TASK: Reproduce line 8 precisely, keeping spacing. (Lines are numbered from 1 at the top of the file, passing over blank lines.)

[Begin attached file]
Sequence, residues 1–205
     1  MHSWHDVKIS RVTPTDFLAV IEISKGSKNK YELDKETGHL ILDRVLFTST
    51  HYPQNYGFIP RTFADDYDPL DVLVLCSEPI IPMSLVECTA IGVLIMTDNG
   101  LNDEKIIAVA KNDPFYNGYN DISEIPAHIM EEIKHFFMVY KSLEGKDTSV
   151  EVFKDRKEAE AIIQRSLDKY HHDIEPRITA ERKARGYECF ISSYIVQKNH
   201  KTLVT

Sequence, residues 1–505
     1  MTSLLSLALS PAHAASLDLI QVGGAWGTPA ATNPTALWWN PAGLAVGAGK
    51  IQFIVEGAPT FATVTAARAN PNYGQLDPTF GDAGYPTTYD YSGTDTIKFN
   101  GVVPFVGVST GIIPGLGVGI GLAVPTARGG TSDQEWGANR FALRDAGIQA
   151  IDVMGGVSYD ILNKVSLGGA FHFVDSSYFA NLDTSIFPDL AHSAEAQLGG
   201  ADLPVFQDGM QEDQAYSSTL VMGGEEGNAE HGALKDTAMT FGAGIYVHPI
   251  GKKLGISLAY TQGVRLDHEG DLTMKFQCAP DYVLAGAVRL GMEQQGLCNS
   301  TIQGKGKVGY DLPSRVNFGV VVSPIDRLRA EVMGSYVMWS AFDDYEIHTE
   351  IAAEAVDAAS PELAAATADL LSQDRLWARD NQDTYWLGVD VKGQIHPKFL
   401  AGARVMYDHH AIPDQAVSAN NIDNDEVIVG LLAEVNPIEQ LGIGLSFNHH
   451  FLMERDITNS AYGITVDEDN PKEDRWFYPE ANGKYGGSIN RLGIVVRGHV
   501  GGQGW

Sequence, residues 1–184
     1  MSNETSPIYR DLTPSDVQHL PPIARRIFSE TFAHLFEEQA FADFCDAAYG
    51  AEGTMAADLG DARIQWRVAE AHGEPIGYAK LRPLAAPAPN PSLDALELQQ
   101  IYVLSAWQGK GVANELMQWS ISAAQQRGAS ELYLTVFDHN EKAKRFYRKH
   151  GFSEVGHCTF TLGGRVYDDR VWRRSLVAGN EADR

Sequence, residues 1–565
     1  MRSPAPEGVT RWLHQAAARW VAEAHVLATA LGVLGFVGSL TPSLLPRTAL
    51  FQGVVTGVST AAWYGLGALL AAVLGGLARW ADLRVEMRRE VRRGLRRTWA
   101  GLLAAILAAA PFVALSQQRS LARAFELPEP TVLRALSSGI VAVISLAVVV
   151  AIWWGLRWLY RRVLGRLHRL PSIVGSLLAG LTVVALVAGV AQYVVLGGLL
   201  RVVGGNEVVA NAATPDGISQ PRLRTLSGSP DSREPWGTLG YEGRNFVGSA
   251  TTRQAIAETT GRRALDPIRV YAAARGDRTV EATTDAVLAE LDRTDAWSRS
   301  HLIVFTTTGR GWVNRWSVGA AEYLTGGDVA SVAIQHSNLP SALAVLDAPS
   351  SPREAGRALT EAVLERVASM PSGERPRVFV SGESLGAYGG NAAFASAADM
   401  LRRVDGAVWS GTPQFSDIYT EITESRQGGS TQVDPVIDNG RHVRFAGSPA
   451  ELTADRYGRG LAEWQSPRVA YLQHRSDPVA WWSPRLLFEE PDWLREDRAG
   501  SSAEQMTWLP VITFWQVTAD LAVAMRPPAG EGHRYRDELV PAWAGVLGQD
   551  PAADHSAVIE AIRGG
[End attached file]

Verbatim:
     1  MTSLLSLALS PAHAASLDLI QVGGAWGTPA ATNPTALWWN PAGLAVGAGK